Brett Horley

Since I was a child I have dreamt of the romanticism and wild of East Africa. From Ghosts in the Darkness to Out of Africa, I have read the books and watched almost every wildlife documentary out there. The dream of Africa and a Safari is almost always filled with images of wide open plains filled with thousands of wildebeest and zebra, and National Geographic blasts us with images daily of the struggle of these animals as they cross the famous Mara River in search of greener pastures.

Having guided in Southern Africa these images have seemed distant and only stories around the campfire. But now in Tanzania it has become a reality and this reality is more powerful and heart wrenching than I could ever have imagined. Having spent the last 5 days along the Mara River at this time now when the majority of the herds are hitting the Mara River. It was better than I could ever have imagined, perhaps not better but simply more awe-inspiring. It truly is the greatest wildlife spectacle I have ever witnessed.

A couple of things first: the wildebeest, and yes, there literally are thousands, are not in one big group, but many groups. Some of one hundred, some of one thousand and others innumerable. We witnessed a crossing of four and a half hours at the river can’t be more than 50 meters wide at that point. Lines 30 animals wide, crossing for hours, there literally are thousands, and more, and more. Also these animals cross both the Grumeti and Mara Rivers and they will cross again in a couple of months when they head back south over the Mara. The crocodiles in these rivers are enormous, it is not just a fable!

The first thing that really has an impact on you is the noise, the constant GNU, constantly constant, and yes all night, all day, not for one second is there silence in the herds. Next is the hundreds and hundreds of vultures, everywhere you look, in the trees, thermals full of them in the sky, on the ground, everywhere. Lappetfaced, whitebacked, hooded and whiteheaded… and of course the domineering by numbers Ruppels Griffons. Add in the good old marabou stork who are ever-present and the place has a really crazy feel to it. Why are they all here? This is what you don’t see on TV, there are dead everywhere, on the plains, on the banks and really they are piled up in the river. The smell can be quite overwhelming.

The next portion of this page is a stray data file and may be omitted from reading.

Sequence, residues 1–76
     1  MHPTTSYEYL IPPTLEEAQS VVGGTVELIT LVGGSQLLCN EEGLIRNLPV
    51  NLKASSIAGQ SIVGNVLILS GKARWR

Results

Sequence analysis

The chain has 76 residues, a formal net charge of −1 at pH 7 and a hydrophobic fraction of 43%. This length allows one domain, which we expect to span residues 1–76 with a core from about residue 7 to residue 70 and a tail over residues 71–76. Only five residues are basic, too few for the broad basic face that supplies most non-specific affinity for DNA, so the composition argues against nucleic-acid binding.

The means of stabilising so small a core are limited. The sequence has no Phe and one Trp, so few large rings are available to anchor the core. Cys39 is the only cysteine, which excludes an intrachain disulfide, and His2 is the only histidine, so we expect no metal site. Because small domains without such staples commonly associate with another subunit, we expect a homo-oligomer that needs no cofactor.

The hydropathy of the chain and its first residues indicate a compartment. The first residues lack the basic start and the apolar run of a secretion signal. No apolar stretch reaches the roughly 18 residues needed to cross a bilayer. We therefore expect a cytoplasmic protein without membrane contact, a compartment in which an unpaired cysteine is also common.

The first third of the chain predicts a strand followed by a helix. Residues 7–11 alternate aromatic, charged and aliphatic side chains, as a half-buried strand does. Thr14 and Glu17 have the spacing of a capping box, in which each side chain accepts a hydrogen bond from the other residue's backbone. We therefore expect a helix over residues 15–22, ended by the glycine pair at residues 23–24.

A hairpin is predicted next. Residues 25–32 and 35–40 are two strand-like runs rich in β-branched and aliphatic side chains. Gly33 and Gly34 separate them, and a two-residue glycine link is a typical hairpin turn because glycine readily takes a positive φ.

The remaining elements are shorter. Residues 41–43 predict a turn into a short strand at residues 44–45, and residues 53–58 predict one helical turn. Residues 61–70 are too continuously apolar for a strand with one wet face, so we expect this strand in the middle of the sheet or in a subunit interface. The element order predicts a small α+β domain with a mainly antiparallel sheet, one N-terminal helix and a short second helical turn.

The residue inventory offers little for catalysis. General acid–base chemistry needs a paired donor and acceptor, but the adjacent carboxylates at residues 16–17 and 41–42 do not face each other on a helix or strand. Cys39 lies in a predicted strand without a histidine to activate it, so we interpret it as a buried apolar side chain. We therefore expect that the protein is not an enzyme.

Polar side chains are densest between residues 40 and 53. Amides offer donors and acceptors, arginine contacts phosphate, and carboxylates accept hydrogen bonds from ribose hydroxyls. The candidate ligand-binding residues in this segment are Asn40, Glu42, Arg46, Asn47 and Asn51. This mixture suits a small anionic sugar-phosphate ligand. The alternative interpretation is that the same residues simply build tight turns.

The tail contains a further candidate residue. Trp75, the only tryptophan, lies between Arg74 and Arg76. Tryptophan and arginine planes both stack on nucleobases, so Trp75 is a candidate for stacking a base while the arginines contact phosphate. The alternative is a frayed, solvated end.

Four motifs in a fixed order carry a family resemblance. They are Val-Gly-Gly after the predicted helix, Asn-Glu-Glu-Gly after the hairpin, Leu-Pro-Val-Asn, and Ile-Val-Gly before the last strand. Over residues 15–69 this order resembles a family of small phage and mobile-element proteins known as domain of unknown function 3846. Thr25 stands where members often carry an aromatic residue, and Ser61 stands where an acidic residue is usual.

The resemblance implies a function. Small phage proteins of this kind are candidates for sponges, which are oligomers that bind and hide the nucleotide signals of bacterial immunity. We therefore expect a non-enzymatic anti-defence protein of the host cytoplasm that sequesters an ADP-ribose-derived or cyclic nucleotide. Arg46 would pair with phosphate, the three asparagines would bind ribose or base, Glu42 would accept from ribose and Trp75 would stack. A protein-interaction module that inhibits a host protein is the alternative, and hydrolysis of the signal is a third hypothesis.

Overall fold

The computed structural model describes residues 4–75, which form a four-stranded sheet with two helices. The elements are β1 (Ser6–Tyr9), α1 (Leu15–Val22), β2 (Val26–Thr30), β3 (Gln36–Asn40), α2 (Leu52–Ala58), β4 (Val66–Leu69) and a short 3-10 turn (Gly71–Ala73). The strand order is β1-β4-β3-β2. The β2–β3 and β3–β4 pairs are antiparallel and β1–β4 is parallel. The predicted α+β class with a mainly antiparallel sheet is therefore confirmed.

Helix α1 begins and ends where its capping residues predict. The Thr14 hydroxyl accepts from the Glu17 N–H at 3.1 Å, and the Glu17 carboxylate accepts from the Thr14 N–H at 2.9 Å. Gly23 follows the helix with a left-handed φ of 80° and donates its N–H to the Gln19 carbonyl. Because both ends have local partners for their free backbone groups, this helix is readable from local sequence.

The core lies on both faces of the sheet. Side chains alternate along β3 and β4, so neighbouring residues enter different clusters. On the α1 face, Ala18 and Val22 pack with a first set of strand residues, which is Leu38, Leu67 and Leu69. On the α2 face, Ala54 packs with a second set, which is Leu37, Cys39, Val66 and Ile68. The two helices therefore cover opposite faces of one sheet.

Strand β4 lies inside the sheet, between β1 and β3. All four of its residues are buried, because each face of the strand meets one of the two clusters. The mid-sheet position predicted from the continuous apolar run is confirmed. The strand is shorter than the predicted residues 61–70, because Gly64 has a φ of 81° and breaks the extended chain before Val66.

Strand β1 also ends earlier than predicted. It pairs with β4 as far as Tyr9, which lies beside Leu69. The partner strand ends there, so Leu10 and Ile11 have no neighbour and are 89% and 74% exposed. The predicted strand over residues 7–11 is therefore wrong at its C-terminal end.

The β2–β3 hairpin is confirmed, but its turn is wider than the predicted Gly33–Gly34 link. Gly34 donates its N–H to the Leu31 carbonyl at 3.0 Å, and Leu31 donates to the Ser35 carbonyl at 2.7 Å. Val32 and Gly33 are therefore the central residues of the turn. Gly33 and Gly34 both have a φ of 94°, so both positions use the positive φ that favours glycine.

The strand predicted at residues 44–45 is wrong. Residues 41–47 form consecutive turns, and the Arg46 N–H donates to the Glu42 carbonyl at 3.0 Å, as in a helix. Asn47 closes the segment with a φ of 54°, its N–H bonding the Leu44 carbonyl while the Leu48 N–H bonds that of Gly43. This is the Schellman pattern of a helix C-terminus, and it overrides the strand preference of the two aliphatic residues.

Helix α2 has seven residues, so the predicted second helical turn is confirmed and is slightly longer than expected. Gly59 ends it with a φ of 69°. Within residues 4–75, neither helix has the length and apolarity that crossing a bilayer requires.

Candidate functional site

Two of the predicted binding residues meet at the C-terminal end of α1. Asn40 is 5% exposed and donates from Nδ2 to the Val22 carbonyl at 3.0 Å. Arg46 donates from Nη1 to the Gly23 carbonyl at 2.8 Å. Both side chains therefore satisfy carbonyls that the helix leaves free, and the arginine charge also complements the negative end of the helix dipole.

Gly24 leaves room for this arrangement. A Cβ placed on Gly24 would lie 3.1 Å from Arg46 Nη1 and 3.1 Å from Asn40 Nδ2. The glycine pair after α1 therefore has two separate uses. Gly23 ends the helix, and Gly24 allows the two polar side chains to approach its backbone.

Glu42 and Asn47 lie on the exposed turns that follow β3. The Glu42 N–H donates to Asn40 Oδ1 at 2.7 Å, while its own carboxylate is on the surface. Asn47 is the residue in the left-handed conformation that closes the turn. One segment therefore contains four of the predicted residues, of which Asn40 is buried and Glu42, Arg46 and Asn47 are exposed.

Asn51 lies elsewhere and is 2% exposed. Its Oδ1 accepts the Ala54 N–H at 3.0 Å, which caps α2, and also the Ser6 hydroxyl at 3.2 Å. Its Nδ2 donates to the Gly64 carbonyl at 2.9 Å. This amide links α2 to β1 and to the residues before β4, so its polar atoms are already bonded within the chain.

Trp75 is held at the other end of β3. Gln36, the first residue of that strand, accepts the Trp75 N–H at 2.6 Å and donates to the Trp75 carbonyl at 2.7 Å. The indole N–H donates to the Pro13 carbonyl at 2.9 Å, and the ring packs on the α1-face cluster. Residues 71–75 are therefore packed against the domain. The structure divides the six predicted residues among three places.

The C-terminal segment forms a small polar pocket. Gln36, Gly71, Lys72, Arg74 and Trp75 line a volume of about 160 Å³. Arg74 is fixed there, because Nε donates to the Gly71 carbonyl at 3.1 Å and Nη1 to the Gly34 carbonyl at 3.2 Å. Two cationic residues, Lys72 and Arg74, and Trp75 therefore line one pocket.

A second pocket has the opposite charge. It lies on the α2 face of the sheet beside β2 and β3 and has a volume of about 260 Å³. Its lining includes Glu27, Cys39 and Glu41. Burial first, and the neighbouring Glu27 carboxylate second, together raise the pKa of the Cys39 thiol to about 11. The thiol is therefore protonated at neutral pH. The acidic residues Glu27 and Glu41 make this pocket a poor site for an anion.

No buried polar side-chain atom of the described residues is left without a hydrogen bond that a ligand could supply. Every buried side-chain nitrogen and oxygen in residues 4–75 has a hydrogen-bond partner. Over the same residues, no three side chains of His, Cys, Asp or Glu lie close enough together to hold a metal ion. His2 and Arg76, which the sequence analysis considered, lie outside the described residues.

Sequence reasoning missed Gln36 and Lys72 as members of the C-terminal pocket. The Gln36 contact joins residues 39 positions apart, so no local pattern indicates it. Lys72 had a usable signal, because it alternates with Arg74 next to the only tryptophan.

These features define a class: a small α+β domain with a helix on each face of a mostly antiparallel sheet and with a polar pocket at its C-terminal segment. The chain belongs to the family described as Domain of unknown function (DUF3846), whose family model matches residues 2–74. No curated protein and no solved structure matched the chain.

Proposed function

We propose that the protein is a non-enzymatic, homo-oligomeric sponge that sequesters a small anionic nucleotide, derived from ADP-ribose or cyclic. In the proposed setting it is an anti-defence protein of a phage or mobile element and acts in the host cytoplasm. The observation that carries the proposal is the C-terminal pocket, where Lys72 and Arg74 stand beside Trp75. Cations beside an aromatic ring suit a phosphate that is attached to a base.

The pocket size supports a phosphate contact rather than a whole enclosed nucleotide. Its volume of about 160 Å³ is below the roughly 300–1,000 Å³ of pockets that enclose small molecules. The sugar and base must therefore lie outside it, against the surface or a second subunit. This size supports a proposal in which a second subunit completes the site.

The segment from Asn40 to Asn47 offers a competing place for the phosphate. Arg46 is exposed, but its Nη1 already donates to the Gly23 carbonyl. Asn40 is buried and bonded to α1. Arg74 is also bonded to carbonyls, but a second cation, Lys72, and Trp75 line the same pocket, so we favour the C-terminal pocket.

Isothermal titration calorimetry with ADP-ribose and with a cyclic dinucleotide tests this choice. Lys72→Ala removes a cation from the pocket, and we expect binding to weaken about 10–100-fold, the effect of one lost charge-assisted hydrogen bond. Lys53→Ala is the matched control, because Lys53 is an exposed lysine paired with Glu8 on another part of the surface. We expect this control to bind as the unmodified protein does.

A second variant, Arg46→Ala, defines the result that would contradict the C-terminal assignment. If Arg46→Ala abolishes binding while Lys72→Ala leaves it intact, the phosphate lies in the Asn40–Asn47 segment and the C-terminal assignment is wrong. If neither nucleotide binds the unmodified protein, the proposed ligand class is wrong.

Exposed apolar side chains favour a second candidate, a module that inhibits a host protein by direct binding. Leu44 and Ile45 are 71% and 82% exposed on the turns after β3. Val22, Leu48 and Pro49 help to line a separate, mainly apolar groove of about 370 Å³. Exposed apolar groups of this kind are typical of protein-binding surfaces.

It is a complete sensory overload. The smell of the wildebeest dead and alive, the sight of them, all of them. The sound as the marabou flaps his wings above your head. The sound as the first in a group leaps into the water. The hyeanas – and they are all fat, every single one- calling to each other as eight of them run straight into a huge group of wildebeest, identifying the weak. There are weak and sick everywhere, thin, broken legs, standing in the midday sun all alone, while a kilometer away on the top of a slight ridge the rest of the group head slowly north towards Kenya. It is sad, I found my emotions for these sick and dying were much more powerful than I could ever have imagined. And it’s always the young who are dying out on the plains. In the river it is a different story: there anyone can die. If another of your own species doesn’t trample you, the crocodiles will get you, or you will be swept down river, or break a leg climbing out on the other side…. it is steep and it is rocky!! In areas where the rocks are in the river and obstruct the flow, the carcasses are piled up on top of each other, the stench is overwhelming, Crocodiles lie basking in the sun hardly metres from the carcasses and the trees are flowering with vultures.

But when the wildebeest cross it is powerful, it is very thrilling and it is a phenomenon! Sometimes you wait for hours, sometimes they are crossing when the sun comes up and you merely drive towards the dust and the noise. In nature there are no guarantees, sometimes they don’t cross and head back to eat and maybe come to cross again the next week. It was a privilege to witness, and awesome to be there. I will be back in the area towards the end of next week, but I do feel sorry for the herds. Nature has it’s ways, this is survival by numbers, and the sideshow that goes with it is unreal!